High-cycle fatigue caused by large resonance stresses remains one of the most common causes of turbine blades failures. Friction dampers are one of the most effective and practical solutions to limit the vibration amplitude, and shift the resonance frequencies of the turbine assemblies far from operating speeds. However, predicting with good accuracy the effects of underplatform dampers on the blades dynamics, still represents a major challenge today, due to the complex nature of the nonlinear forces at the interface, characterised by transitions between stick, slip, and separation conditions. The most common modelling approaches developed recently are based on the explicit FE model for the damper, and on a dense grid of 3D contact elements comprised of Jenkins elements, or on a single 2D microslip element on each surface. In this paper, a combination of the two approaches is proposed. A 3D microslip element, based on a modified Valanis model is proposed and a series of these elements are used to describe the contact interface. The proposed model and its predicting capabilities are then evaluated against a simplified blade-damper model, based on an underplatform damper test rig recently developed by the authors. A comparison with a more simplistic modelling approach based on macroslip contact elements, highlights the improved accuracy of the new model to predict the experimental nonlinear response.
Franz D, Salles L, Stapelfeldt S, 2017, Analysis of a Turbine Bladed Disk With Structural and Aerodynamic Mistuning, ASME Turbo Expo 2017: Turbomachinery Technical Conference and Exposition
Brake MRW, Groß J, Lacayo RM, et al., 2017, Reduced order modeling of nonlinear structures with frictional interfaces, The Mechanics of Jointed Structures: Recent Research and Open Challenges for Developing Predictive Models for Structural Dynamics, Pages: 427-450, ISBN: 9783319568164
Lu Y, Zhao F, Salles L, et al., 2017, AEROELASTIC ANALYSIS OF NREL WIND TURBINE, ASME Turbo Expo: Turbine Technical Conference and Exposition, Publisher: AMER SOC MECHANICAL ENGINEERS
Panunzio AM, Salles L, Schwingshackl CW, 2016, Uncertainty propagation for nonlinear vibrations: A non-intrusive approach, JOURNAL OF SOUND AND VIBRATION, Vol: 389, Pages: 309-325, ISSN: 0022-460X
Salles L, Vahdati M, 2016, Comparison of Two Numerical Algorithms for Computing the Effects of Mistuning of Fan Flutter, ASME Turbo Expo 2016: Turbomachinery Technical Conference and Exposition
Pesaresi L, Salles L, Jones A, et al., 2016, Modelling the nonlinear behaviour of an underplatform damper test rig for turbine applications, Mechanical Systems and Signal Processing, Vol: 85, Pages: 662-679, ISSN: 1096-1216
Underplatform dampers (UPD) are commonly used in aircraft engines to mitigate the risk of high-cycle fatiguefailure of turbine blades. The energy dissipated at the friction contact interface of the damper reduces the vibrationamplitude significantly, and the couplings of the blades can also lead to significant shifts of the resonance frequenciesof the bladed disk. The highly nonlinear behaviour of bladed disks constrained by UPDs requires an advancedmodelling approach to ensure that the correct damper geometry is selected during the design of the turbine, and thatno unexpected resonance frequencies and amplitudes will occur in operation. Approaches based on an explicit modelof the damper in combination with multi-harmonic balance solvers have emerged as a promising way to predict thenonlinear behaviour of UPDs correctly, however rigorous experimental validations are required before approaches ofthis type can be used with confidence.In this study, a nonlinear analysis based on an updated explicit damper model having different levels of detail isperformed, and the results are evaluated against a newly-developed UPD test rig. Detailed linear finite element modelsare used as input for the nonlinear analysis, allowing the inclusion of damper flexibility and inertia effects. The nonlinearfriction interface between the blades and the damper is described with a dense grid of 3D friction contact elementswhich allow accurate capturing of the underlying nonlinear mechanism that drives the global nonlinear behaviour. Theintroduced explicit damper model showed a great dependence on the correct contact pressure distribution. The use ofan accurate, measurement based, distribution, better matched the nonlinear dynamic behaviour of the test rig. Goodagreement with the measured frequency response data could only be reached when the zero harmonic term (constantterm) was included in the multi-harmonic expansion of the nonlinear problem, highlighting its importance when thecontact inter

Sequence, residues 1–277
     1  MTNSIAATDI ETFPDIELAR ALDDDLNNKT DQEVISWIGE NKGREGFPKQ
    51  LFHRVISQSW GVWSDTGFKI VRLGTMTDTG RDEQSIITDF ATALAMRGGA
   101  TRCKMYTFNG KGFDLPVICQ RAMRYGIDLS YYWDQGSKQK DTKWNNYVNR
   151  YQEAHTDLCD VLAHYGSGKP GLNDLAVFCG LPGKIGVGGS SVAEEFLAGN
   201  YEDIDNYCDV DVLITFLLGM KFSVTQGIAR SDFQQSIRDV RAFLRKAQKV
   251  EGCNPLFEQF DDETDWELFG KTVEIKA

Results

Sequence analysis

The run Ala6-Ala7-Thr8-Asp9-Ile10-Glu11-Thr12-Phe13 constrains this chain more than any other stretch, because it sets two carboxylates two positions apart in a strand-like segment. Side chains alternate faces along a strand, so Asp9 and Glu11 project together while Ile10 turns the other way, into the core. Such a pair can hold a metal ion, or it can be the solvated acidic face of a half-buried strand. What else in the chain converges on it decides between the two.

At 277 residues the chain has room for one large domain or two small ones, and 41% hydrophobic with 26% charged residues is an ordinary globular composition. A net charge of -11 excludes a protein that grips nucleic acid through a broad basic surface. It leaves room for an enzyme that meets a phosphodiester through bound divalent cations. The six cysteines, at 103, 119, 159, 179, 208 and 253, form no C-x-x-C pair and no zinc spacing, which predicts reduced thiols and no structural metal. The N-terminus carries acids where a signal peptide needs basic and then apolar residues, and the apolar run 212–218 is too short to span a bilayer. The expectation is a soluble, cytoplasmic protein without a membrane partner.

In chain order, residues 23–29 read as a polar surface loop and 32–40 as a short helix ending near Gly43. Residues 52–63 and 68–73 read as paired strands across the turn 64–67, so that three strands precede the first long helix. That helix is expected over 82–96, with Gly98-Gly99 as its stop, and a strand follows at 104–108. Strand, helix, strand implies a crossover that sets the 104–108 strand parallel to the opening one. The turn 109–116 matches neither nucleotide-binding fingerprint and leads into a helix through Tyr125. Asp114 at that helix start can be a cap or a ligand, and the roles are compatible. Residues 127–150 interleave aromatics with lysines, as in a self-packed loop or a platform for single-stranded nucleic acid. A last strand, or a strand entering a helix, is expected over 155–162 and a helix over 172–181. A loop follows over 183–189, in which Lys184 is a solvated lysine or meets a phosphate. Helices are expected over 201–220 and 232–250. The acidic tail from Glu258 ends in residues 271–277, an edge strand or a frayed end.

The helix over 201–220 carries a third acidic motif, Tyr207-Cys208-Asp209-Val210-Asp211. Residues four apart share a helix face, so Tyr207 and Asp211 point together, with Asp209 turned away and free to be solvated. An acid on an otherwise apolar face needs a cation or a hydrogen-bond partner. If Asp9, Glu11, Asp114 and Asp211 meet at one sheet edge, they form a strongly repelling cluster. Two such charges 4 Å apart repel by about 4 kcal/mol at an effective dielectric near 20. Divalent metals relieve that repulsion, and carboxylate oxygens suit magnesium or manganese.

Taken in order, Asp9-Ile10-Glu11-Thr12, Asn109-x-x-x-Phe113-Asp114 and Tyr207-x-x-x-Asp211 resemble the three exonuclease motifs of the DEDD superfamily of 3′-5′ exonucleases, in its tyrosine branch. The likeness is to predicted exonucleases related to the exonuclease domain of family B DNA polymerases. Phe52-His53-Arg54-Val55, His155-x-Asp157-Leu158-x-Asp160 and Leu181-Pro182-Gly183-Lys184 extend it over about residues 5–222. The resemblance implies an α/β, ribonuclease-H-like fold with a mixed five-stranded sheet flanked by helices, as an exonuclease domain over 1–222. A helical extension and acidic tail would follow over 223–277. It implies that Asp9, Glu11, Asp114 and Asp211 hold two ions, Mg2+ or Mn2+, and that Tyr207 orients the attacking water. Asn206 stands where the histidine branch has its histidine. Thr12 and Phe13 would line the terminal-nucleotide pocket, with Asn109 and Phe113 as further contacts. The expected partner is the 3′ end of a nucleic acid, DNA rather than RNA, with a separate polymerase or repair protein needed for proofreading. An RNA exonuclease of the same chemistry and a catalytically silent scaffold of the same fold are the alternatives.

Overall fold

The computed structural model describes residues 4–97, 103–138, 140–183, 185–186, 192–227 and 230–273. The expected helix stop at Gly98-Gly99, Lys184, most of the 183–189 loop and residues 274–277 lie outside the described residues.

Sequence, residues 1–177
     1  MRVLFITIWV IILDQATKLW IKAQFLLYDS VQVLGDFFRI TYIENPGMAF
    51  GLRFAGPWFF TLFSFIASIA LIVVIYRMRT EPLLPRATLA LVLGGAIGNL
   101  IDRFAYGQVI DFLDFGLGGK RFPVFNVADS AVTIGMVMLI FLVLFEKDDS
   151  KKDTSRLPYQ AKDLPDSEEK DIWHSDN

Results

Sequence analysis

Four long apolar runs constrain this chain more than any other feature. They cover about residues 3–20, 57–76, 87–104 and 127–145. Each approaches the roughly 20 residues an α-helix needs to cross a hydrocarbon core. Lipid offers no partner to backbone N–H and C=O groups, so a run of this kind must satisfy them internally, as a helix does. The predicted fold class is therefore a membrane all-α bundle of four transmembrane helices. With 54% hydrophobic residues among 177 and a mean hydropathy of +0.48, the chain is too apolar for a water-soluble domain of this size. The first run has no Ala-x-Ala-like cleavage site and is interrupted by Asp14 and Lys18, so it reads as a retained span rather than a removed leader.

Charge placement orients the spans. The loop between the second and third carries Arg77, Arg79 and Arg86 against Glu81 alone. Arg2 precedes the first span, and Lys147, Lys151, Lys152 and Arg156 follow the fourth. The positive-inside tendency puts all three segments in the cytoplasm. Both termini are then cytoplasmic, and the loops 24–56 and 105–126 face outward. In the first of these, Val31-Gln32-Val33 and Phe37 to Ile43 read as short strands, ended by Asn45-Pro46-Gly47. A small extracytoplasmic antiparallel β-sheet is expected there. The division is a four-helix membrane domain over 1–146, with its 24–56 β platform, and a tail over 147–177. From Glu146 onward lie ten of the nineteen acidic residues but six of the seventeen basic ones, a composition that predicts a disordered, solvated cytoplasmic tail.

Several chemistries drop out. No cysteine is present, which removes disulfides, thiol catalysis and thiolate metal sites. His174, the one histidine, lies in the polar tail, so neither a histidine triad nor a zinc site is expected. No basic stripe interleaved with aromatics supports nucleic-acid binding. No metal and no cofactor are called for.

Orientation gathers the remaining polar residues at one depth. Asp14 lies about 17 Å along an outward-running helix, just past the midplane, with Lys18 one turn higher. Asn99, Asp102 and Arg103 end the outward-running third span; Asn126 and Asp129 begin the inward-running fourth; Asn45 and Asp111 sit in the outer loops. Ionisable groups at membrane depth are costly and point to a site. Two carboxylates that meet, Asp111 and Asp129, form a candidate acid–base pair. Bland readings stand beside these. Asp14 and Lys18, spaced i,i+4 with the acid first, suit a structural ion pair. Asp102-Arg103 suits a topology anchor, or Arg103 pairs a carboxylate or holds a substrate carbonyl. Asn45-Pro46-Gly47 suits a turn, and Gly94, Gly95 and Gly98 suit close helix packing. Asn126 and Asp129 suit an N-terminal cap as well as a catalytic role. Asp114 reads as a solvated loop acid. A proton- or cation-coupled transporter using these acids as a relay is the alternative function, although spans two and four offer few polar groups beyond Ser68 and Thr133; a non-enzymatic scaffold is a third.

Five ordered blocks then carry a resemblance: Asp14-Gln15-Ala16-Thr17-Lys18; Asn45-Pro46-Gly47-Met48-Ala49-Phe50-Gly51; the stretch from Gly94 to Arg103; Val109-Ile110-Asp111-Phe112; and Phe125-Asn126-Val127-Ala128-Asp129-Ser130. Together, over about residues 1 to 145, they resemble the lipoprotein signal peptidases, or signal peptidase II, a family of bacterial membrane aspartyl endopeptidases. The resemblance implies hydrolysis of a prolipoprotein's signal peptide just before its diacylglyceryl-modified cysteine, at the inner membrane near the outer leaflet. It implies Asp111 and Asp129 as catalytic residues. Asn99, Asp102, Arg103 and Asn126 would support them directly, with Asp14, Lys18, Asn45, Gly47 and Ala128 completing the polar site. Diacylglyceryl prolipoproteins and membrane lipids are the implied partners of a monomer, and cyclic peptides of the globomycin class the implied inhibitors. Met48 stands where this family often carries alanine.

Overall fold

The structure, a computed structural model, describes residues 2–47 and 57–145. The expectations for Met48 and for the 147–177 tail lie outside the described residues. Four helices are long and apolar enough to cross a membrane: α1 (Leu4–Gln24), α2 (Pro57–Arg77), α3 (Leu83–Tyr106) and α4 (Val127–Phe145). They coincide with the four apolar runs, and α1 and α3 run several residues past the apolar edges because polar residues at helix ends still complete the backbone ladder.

Armand J, Pesaresi L, Salles L, et al., 2016, A Multiscale Approach for Nonlinear Dynamic Response Predictions With Fretting Wear, JOURNAL OF ENGINEERING FOR GAS TURBINES AND POWER-TRANSACTIONS OF THE ASME, Vol: 139, ISSN: 0742-4795